Gene May Play Bigger Role in Kidney Cancer Than Previously Thought

PHILADELPHIA (February 10, 2020)—Its involvement in causing over 50 percent of all cancers makes p53 one of the most well-known cancer genes. When the p53 gene mutates, it unleashes many processes that lead to the uncontrolled cell growth that is a hallmark of cancer. But there are some malignancies, like kidney cancer, that rarely have p53 mutations.

In order to understand whether the inactivation of the p53 pathway might contribute to kidney cancer development, Haifang Yang, PhD, a researcher with the Sidney Kimmel Cancer Center – Jefferson Health, probed kidney cancer gene protein products for interactions with the p53 protein. Joseph R. Testa, PhD, FACMG, the Carol and Kenneth Weg Chair in Human Genetics at Fox Chase Cancer Center, was a study co-author, as was Robert G. Uzzo, MD, MBA, FACS, chair of the Department of Surgical Oncology at Fox Chase.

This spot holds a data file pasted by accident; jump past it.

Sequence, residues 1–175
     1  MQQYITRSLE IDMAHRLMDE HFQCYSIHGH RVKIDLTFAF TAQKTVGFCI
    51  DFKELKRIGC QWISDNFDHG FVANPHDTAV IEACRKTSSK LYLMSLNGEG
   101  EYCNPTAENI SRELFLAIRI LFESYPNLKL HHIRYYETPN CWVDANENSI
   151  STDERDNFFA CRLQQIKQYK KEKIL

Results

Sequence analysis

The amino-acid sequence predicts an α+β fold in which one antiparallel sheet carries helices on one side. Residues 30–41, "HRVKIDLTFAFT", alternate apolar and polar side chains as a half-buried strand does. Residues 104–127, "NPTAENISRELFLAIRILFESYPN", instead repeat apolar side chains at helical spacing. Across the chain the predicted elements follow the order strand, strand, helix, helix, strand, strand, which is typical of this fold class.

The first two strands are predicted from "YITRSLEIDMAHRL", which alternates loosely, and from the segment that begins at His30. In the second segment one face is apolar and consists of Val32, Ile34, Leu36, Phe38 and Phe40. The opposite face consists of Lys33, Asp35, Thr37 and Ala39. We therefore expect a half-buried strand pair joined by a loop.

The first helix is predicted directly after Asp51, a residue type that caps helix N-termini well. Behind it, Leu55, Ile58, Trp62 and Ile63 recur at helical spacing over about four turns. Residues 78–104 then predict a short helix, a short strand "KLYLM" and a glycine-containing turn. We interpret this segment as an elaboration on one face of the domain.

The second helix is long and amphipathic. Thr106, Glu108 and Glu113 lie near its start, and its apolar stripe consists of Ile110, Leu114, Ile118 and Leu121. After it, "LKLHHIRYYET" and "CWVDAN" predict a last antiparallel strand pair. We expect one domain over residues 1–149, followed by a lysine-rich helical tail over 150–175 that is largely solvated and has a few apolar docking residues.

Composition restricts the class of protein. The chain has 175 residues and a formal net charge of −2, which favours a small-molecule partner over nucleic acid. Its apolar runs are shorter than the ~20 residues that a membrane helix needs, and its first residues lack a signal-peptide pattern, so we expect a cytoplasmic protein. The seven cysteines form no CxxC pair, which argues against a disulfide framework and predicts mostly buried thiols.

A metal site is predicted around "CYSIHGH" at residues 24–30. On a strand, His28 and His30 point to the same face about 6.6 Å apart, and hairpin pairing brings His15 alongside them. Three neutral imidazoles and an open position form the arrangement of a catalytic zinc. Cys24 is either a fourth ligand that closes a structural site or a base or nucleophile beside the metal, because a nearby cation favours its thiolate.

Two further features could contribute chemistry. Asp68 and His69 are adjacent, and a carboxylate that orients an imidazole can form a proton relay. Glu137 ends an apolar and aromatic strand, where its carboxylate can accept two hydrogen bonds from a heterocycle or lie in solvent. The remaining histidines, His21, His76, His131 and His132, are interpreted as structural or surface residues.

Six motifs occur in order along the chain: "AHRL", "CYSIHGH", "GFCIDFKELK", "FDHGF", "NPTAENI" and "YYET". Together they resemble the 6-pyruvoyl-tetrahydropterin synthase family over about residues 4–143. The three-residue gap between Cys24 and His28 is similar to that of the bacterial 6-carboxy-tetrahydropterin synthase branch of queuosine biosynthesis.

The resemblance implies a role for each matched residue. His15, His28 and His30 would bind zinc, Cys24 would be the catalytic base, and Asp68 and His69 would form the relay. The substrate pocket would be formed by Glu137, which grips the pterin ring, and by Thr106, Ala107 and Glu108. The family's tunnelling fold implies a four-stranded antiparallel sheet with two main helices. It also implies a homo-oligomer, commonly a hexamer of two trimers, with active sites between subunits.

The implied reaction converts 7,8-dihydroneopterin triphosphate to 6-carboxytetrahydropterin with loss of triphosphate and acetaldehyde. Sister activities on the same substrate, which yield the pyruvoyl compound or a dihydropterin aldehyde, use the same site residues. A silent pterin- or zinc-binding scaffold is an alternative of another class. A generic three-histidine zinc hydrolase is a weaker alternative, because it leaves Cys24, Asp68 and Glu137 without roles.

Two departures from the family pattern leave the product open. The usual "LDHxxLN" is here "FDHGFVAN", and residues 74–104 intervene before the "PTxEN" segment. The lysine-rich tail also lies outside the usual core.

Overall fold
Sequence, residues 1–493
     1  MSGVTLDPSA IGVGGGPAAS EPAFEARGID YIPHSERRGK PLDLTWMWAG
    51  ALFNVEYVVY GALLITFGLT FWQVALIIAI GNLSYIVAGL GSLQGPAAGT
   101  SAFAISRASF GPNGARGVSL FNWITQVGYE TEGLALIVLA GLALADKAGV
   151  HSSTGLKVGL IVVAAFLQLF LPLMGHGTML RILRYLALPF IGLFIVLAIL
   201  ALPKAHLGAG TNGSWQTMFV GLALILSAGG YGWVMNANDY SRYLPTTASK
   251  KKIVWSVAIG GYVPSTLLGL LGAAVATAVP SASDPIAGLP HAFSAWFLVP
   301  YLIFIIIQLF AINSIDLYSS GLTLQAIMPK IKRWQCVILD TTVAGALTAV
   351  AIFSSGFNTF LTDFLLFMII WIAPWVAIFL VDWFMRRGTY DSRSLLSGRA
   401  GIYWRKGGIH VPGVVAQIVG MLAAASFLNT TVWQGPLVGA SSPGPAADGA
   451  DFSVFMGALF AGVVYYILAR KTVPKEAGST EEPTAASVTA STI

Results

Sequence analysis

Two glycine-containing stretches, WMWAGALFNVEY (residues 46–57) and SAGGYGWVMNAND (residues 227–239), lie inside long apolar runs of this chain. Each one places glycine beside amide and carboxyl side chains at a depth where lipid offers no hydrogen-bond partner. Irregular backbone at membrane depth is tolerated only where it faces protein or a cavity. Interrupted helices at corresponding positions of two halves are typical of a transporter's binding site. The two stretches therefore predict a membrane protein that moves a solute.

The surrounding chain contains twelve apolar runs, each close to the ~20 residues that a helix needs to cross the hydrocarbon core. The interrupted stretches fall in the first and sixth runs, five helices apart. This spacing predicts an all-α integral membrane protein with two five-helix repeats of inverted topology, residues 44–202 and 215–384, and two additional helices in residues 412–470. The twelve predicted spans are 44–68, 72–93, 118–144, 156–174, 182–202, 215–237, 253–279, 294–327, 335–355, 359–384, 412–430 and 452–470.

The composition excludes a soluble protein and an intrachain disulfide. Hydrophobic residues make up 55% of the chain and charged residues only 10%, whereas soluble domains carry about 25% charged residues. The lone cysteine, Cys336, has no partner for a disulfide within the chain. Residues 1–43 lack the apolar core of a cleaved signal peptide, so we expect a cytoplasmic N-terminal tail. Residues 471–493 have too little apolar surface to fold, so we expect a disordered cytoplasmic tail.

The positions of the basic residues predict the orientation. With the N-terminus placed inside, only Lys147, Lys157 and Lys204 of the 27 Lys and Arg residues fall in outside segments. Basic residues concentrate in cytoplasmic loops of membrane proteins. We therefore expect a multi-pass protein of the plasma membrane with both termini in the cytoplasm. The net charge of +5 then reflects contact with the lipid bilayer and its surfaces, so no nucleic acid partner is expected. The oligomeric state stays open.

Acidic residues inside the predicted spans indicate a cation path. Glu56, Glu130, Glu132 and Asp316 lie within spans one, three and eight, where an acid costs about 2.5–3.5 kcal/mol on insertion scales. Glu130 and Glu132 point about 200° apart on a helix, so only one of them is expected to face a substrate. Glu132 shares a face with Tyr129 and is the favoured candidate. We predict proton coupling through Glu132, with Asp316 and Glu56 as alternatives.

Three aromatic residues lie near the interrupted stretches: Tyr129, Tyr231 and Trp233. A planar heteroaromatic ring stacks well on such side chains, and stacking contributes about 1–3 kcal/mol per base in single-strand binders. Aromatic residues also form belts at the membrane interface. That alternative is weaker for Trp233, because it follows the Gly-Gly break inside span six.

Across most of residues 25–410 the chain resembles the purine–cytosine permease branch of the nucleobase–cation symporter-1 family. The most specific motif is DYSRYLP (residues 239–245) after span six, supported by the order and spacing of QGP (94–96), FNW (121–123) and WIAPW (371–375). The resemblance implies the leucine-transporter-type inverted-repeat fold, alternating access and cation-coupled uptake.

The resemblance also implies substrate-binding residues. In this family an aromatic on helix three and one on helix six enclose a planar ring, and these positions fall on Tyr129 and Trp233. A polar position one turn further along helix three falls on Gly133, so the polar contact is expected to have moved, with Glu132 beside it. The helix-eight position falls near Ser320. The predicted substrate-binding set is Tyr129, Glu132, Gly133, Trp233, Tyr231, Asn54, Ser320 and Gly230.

Earlier work found that protein produced by PBRM1, the second most mutated gene in kidney cancer, could interact with p53. However, other researchers were unable to definitively show that it was truly an important mechanism in kidney cancer.

Rather than looking at the p53 protein itself, first author Weijia Cai, PhD, a postdoctoral fellow in Yang’s lab, and other collaborators looked at an activated version of p53, one that is studded with an additional chemical marker—an acetyl group—at many specific spots.

In a paper published recently in the prestigious journal Nature Communications, Yang, an assistant professor of Pathology, Anatomy and Cell Biology at Jefferson, examined whether PBRM1 can be a “reader,” or translator, of the activated p53.

“This research is notable because it addresses a puzzling feature of clear cell renal cell carcinoma, also known as ccRCC. That is, why do these kidney tumors generally have less complicated genomes and only rare mutations of the p53 gene when compared to carcinomas occurring in most other organs?” said Dr. Testa.